Canadian exporters in ‘lost decade’ slump
Emerging markets key to growth: economist
OTTAWA — Canadian exporters have yet to emerge from a “lost decade” of missed opportunities to broaden their reach into developing markets, according to a new report.
While companies have done well to break into the tough Chinese market, Canadians have been far less aggressive when it comes to emerging nations, CIBC World Markets said Tuesday.
This is limiting Canada’s ability to grow the economy at a critical time of global uncertainty, the report says.
“The volume of Canadian exports today is at the same level it was a decade ago,” said Benjamin Tal, CIBC deputy chief economist. “Regardless of how you look at it, this was a lost decade for Canadian exports. The lone bright spot has been in the very competitive Chinese market.”
Canadian exports to China represent slightly more than one per cent of total shipments to that country, although this country’s share of the market has still managed to edge up over the 10 years, according to CIBC.
“In contrast, most other developed countries have seen their share of Chinese imports fall over that same period. And it is not an oil story, with petroleum only a small proportion of Canadian shipments destined for China,” it said.
At the same time, Canadian exporters have been “holding their own” against Chinese manufacturers attempting to expand into the United States.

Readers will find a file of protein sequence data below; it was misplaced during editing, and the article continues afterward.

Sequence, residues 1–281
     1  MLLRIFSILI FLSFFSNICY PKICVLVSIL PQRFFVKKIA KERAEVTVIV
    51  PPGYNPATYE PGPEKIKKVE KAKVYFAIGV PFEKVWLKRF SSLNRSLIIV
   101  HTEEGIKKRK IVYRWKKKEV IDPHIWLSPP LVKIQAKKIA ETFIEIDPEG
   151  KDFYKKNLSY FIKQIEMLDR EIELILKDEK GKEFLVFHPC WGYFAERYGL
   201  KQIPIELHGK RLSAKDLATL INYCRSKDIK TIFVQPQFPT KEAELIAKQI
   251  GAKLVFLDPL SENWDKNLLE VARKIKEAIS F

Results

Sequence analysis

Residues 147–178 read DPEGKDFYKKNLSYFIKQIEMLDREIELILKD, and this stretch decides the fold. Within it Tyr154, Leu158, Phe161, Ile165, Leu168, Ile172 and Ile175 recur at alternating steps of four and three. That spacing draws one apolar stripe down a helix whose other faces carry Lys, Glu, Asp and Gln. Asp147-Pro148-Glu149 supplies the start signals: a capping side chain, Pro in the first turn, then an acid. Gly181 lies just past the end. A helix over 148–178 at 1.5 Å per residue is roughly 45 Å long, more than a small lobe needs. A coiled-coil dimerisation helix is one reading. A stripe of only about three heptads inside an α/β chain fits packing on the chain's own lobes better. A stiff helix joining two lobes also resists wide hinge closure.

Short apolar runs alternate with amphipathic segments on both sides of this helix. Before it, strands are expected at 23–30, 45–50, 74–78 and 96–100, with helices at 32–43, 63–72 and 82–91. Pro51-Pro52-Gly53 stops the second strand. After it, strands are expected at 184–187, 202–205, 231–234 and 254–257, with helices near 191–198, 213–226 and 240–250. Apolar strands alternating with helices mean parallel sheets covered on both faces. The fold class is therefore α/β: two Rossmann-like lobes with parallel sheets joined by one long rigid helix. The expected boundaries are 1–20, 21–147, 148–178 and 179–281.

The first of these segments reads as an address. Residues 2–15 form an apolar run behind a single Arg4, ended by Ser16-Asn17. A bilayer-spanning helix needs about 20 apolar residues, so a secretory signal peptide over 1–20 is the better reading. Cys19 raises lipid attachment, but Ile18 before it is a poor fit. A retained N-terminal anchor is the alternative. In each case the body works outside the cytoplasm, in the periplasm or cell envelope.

“This success demonstrates that Canada can and should compete in other emerging markets,” Tal said.
Canada’s export performance has been a source of concern for Finance Minister Jim Flaherty and Bank of Canada governor Mark Carney, both of whom have been urging companies to increase their efforts to break into more emerging markets.
With consumer debt at recordhigh levels and the housing market showing signs of cooling, Canada will need to rely more on business investment and stronger exports to pull the economy out of its postrecession slowdown.
Many companies have been hesitant to expand their markets in an uncertain global economy, and that — along with weak domestic demand — has kept Carney from raising the central bank’s trendsetting interest rate, which has been at just one per cent for 2½ years.
The bank is widely expected to again leave that rate unchanged on Wednesday, when it will also issue its quarterly Monetary Policy Report on the latest economic outlook for Canada.
Meanwhile, the CIBC report was released on the same day that Statistics Canada said factory sales rose in February by the fastest pace since July 2011.
Sales were up 2.6 per cent, led by transportation-sector shipments, even as manufacturers received four per cent fewer new orders in February.
“While the pickup in the volume of manufacturing sales in February is encouraging, part of the increase reflected rising sales in the lumpy aerospace component, which have much more muted implications for monthly production estimates,” RBC Economics said.